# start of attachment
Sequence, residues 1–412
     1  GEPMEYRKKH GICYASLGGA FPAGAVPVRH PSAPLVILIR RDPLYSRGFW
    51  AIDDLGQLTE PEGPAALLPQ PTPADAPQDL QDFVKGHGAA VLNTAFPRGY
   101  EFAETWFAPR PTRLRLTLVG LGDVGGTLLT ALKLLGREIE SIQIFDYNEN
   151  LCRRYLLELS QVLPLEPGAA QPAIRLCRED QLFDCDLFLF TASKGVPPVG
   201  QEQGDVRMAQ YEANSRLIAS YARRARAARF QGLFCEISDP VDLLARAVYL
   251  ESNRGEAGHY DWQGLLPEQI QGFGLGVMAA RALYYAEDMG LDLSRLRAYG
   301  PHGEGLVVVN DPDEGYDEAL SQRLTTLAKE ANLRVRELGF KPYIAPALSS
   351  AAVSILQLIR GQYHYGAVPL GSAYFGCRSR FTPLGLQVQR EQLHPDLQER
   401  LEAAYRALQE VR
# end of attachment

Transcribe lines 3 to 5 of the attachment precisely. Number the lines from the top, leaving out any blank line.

    51  AIDDLGQLTE PEGPAALLPQ PTPADAPQDL QDFVKGHGAA VLNTAFPRGY
   101  EFAETWFAPR PTRLRLTLVG LGDVGGTLLT ALKLLGREIE SIQIFDYNEN
   151  LCRRYLLELS QVLPLEPGAA QPAIRLCRED QLFDCDLFLF TASKGVPPVG